Law360 (January 27, 2021, 7:59 PM EST) -- Nike has agreed to outfit its California workers with see-through masks as part of a proposed settlement to end class allegations that the shoe company's pandemic-era policy mandating masks prevents deaf and hard-of-hearing customers from reading employees' lips.
The unopposed motion filed Wednesday in California federal court outlines a deal where Nike will provide transparent masks to all California employees if they need to assist hearing-impaired customers, as well as clean pens and paper at its stores for such transactions. The company will also post signage outside its stores alerting customers about their right to access accommodations.
The customer who brought the suit, Cali Bunn, also asked the judge to grant attorney fees and costs of $85,000 and certify a settlement class likely to include thousands of deaf or hard-of-hearing customers who have entered Nike stores in the state since June 18 through the approval of the settlement. The deal would last as long as masks are required in stores to help stop the spread of COVID-19.
Bunn, a 22-year-old college student who is deaf, said in the motion for approval of the settlement that she "filed this lawsuit against defendant Nike, Inc. to address an important but overlooked pandemic-related problem that has affected millions of Californians who are deaf or hard of hearing."
She added, "Plaintiff agrees that face coverings are necessary to protect public health, but plaintiff alleges Nike has implemented its policy in a way that discriminates against people who are deaf or hard of hearing."
Bunn filed the putative class action in September in San Francisco County Superior Court while bringing claims for violations of Title III of the Americans with Disabilities Act, violations of California's Unruh Civil Rights Act and violations of the California Disabled Persons. Nike removed the lawsuit to federal court in October.
According to the suit, Bunn visited a Nike store in San Diego in June but was unable to communicate clearly with an employee due to the opaque mask he was wearing and the employee did not offer her any reasonable accommodations.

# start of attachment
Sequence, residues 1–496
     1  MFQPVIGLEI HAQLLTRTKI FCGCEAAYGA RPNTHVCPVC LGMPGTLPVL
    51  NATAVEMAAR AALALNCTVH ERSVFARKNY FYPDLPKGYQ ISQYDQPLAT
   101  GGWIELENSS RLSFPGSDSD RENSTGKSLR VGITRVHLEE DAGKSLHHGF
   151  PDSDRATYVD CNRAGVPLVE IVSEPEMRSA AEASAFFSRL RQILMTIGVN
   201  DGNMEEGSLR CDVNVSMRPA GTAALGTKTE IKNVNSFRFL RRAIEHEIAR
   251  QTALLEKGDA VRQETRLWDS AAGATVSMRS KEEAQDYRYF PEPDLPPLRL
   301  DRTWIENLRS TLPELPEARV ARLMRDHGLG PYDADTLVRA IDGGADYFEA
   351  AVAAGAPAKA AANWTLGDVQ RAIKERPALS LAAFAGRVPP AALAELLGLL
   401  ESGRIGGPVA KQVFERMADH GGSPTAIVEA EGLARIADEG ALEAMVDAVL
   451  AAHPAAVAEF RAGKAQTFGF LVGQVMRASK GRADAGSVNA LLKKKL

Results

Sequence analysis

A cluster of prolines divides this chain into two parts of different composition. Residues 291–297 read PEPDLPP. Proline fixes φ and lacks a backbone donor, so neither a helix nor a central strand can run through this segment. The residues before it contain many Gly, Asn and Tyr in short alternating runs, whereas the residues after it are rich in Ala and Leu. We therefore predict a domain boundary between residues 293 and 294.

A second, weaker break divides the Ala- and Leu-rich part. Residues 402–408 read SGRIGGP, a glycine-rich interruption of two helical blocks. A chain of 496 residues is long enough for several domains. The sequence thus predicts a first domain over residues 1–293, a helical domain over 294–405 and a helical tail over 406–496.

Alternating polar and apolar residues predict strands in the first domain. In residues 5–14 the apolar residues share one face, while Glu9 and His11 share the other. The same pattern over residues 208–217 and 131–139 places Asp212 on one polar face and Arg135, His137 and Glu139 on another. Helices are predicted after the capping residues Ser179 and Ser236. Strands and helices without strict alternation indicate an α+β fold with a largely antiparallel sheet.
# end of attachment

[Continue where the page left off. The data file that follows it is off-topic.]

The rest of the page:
"Under federal and state law, plaintiff contends Nike has a duty to provide auxiliary aids or other reasonable accommodations to customers who are deaf or hard of hearing to ensure they can communicate effectively with Nike's employees," Bunn said in her Wednesday motion.
She added that under a 2018 Northern District of California ruling in Stathakos v. Columbia Sportwear Co. , when a class action settlement provides for injunctive relief only and allows for class members to bring claims for monetary relief, the court can skip preliminary approval of a settlement and hold a final approval hearing.
"I hope that this settlement causes other retailers to follow suit voluntarily," James F. Clapp of Clapp & Lauinger LLP, who represents Bunn and is also deaf himself, said in a statement. "Accommodating people with disabilities is not only legally required, but it shows a commitment to good customer service."
Counsel for Nike did not immediately respond to a request for comment.
Bunn is represented by Michael Rubin and Eve E. Cervantez of Altshuler Berzon LLP, and James F. Clapp and Marita Murphy Lauinger of Clapp & Lauinger LLP.
Nike is represented by Austin Van Schwing, Julian Wolfe Kleinbrodt, Rachel S. Brass and Joseph Richard Rose of Gibson Dunn & Crutcher LLP.
The case is Cali Bunn et al. v. Nike Inc., case number 4:20-cv-07403, in the U.S. District Court for the Northern District of California.
--Editing by Jay Jackson Jr.
Correction: An earlier version of this story gave an incorrect last name for one of Nike's counsel. The error has been corrected.
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